Cruiser (IRC & ECHO) TBA IRL1103 Kevin Darmody Howth Yacht Club
Cruiser (IRC & ECHO) Alpaca IRL 35221 Paul & Deirdre Tingle Royal Cork Yacht Club
Cruiser (IRC & ECHO) Jump The Gun IRL 1129 John Kelly Royal Irish Yacht Club
Cruiser (IRC & ECHO) Prima Luce IRL 3504 Patrick Burke Royal Irish Yacht Club
Cruiser (IRC & ECHO) Ruthless IRL26026 Conor Ronan Dun Laoghaire Motor Yacht Club
Cruiser (IRC & ECHO) Challenger IRL6556 Paul Rossiter Howth Yacht Club
Cruiser (IRC & ECHO) Fusion IRL2552 Richard Colwell Howth Yacht Club
Cruiser (IRC & ECHO) SOMETHING ELSE IRL 29213 JOHN HALL National Yacht Club
Cruiser (IRC & ECHO) Samurai J GBR9292c Alan Macleod Cove Sailing Club
Cruiser (IRC & ECHO) Boomerang IRL1367 Family Kirwan Royal St George Yacht Club
Cruiser (IRC & ECHO) Jalapeno IRL5109 Paul Barrington National Yacht Club
Cruiser (IRC & ECHO) Maximus IRL 7495 Paddy Kyne Howth Yacht Club
Cruiser (IRC & ECHO) Joker 2 IRL 1206 John Maybury Royal Irish Yacht Club
Cruiser (IRC & ECHO) ShakerMaker GBR 7031T Austin Harbison Liverpool Yacht Club
Cruiser (IRC & ECHO) Apache 1192c Jonathan Gifford Quoile Yacht Club
Cruiser (IRC & ECHO) Dubious 1654 Peter Richardson Royal Cork YC / Royal Irish YC / Royal St George YC
Cruiser (IRC & ECHO) Fait accompli Gbr 7707 Charlie McAllister Antrim Boat Club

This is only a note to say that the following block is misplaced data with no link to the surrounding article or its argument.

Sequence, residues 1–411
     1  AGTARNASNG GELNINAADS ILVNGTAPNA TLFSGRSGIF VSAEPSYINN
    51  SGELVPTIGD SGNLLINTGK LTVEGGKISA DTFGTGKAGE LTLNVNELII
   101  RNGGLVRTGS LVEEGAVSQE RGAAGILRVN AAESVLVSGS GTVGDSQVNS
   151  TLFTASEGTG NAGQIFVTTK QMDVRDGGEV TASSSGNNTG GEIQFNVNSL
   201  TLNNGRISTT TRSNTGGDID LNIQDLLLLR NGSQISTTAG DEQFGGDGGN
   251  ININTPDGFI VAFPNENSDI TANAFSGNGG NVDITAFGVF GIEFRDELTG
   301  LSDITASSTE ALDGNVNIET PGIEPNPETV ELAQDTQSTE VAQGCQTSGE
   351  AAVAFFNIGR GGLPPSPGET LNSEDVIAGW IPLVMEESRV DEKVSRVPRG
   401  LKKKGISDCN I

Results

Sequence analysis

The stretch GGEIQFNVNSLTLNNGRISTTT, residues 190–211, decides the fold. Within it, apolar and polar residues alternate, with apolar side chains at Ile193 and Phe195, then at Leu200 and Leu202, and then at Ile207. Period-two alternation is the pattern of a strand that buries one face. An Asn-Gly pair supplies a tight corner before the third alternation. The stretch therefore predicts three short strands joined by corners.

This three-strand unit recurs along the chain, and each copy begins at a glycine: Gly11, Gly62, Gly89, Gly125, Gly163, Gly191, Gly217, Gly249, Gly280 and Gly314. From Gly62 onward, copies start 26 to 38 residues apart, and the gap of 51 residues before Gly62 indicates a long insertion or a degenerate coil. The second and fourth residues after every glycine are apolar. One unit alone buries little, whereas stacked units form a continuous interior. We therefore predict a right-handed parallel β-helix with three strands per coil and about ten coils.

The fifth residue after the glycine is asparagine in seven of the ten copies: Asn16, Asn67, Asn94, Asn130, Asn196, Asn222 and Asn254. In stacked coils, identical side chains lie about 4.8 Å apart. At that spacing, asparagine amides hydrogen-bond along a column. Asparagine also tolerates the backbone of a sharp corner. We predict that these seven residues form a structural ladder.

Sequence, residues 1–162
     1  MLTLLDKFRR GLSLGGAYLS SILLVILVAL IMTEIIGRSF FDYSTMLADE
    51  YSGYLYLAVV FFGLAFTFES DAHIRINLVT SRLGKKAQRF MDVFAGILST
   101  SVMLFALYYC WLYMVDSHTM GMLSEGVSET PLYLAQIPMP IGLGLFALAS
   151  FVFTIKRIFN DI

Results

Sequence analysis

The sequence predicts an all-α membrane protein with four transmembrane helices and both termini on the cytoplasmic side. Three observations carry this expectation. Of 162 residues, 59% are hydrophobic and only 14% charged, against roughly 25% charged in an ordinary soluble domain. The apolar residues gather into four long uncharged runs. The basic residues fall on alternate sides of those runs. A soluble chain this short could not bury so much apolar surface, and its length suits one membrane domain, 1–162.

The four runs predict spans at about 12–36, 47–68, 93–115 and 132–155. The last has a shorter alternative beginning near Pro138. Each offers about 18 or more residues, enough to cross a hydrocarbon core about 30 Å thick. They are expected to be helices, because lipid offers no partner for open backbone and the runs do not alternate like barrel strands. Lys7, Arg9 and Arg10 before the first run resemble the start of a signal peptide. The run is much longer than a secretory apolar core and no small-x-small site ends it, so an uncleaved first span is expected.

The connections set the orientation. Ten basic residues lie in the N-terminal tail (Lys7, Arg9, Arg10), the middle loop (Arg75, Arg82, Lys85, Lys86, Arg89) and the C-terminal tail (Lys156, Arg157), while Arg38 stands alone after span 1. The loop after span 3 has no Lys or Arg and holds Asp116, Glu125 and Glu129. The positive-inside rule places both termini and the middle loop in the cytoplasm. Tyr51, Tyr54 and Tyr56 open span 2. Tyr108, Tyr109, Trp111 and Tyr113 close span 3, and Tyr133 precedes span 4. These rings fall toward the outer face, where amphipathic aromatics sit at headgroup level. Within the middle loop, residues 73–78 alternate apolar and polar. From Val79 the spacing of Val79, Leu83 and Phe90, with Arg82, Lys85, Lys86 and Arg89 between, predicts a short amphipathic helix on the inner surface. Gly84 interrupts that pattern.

Cruiser (IRC & ECHO) Axiom IRL 3709 Michael O'Neill Royal Irish Yacht Club
Cruiser (IRC & ECHO) Happy GBR 9518 Ian Macdonald Clyde Cruising Club
Cruiser (IRC & ECHO) Carmen11 IRL 1666 Alan Jeffrey Helensburgh Sailing Club
Cruiser (IRC & ECHO) Running Wild IRL 9538 Brendan Foley Royal St George Yacht Club
Cruiser (IRC & ECHO) Maranda 11 Myles Kelly Dun Laoghaire Motor Yacht Club
Cruiser (IRC & ECHO) X-Rated IRL7066 John Gordon Mayo Sailing Club / Royal St George YC
Cruiser (IRC & ECHO) - 0.912 > TCC > 0.820 K-Nine IRL 9541 Enda Mulvihill Howth Yacht Club
Cruiser (IRC & ECHO) - 0.912 > TCC > 0.820 Asterix 8245N Frazer Meredith Other...
Cruiser (IRC & ECHO) - 0.912 > TCC > 0.820 Kahera IRL9554 Russell Camier Malahide Yacht Club
Cruiser (IRC & ECHO) - 0.912 > TCC > 0.820 Autism on the Water GBR 749 Murray MacDonald Other...
Cruiser (IRC & ECHO) - 0.979 > TCC > 0.913 kodachi irl2706 Rick De Neve Howth Yacht Club
Cruiser (IRC & ECHO) - TCC > 0.980, LOA < 12m Powder Monkey 2 IRL28898 Christopher Moore Other...
Dragon DCision 195 Joey Mason Royal St George Yacht Club
Dragon ZinZan IRL 127 Tim Carpenter Royal Irish Yacht Club
Dragon Phantom 176 David Williams Royal St George Yacht Club
Fife PEGGY 14 Tak Kershaw Other...
Fife SIAN No 1 Richard Tudor Other...
Fife Fiona 41 Nicki Yates Other...
Flying Fifteen Derranged IRL 3665 Neil Colin Dun Laoghaire Motor Yacht Club
Flying Fifteen FFASTIDIOTS 3837 Peter Cronin National Yacht Club
Flying Fifteen Gruffalo IRL3864 Keith Poole National Yacht Club
Flying Fifteen Perfect Ten IRL3995 Alan Balfe National Yacht Club
Flying Fifteen No Name 4045 Gerry Ryan Other...
Glen Glen Luce G67 Richard O'Connor Royal St George Yacht Club
Glen GlenDun G9 David Houlton Royal St George Yacht Club
Glen Glenshesk G1 Liz Faulkner Royal St George Yacht Club
GP14 Trouble on the way TBA Curly Morris East Antrim Boat Club
GP14   14074 Cathal Sheridan Skerries Sailing Club
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Squib Periquin 48 Noel Colclough Dun Laoghaire Motor Yacht Club
Squib Little Demon 95 Sheila Power Royal St George Yacht Club